This web exhibit was first built in 2000 by Patricia Anne Kinser, Haverford College, under the direction of Paul Grobstein, Bryn Mawr College. The updated version of Comparative Neuroanatomy and Intelligence is now online at http://serendip.brynmawr.edu/exchange/brains. This old version has been archived in place, and will continue to be available for teachers and students who are using it.

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The Brain Magnified: Cerebellum

Degree of magnification
Human
Monkey
Cat
Rat
Frog
4x
human cerebellum low power
monkey cerebellum low power
cat cerebellum low power
rat cerebellum low power
frog cerebellum low power
10x
human cerebellum med power
monkey cerebellum med power
cat cerebellum med power
rat cerebellum med power
frog cerebellum med power
20x
to come
monkey cerebellum high power
to come
rat cerebellum high power
frog cerebellum high power



What do you notice about these pictures? Do they strike you as particularly similar or different? Perhaps with the exception of the frog cerebellum, you may notice that all of the photomicrographs look quite similar. At the low (4x) and medium (10x) magnification, we see that the organization of the cerebellum looks very similar across all the animals. In addition, even at the highest (20x) magnification, the neurons are apparently quite similar in both the human, monkey, cat, rat, and frog.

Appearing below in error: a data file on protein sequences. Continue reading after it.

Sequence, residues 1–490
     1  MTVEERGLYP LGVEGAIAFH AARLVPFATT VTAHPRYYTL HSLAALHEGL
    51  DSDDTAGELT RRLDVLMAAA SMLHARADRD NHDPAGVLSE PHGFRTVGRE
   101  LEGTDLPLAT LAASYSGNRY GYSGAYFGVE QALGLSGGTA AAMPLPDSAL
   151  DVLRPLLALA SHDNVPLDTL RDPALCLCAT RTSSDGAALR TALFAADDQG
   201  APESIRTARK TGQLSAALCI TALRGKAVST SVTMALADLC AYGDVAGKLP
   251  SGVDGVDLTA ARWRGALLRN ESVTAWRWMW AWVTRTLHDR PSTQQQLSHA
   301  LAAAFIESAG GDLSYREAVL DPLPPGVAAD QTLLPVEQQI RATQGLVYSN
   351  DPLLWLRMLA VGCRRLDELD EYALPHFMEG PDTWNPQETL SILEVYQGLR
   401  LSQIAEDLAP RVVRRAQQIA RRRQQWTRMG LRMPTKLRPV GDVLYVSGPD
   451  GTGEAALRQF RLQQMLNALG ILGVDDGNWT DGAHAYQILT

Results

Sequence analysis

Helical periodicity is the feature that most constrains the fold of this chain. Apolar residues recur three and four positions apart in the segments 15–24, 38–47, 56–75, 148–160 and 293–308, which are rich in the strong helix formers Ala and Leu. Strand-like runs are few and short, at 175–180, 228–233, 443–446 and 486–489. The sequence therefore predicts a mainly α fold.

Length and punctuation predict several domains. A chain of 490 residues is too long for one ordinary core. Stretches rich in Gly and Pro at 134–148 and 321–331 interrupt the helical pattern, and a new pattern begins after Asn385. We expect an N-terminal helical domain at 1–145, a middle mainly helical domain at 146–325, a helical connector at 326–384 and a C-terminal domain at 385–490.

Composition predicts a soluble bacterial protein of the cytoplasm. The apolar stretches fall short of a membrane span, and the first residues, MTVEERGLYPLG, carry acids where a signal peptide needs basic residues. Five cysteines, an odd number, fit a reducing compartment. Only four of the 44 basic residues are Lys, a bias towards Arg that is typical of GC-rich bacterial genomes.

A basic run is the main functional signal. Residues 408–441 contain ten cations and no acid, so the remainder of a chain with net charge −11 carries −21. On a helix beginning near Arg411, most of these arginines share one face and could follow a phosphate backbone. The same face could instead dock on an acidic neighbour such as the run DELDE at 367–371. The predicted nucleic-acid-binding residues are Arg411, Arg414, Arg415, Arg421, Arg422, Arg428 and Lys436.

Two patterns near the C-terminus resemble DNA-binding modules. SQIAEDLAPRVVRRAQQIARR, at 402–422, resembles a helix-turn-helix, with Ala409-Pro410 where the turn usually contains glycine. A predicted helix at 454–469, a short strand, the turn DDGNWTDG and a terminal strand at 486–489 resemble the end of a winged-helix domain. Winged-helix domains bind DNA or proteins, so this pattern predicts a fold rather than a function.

A main difference you may have seen is that there are a few larger cells in the monkey cerebellum under high power which are not as obvious in other animals. These are called Purkinje cells (whose axons constitute the sole output from the cerebral cortex). In general, "higher" mammals tend to have more pronounced, distinct Purkinje cells than "lower" mammals. Do you notice that in these pictures?




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I want to learn more about neurons!!!

Huh? Can we start over?




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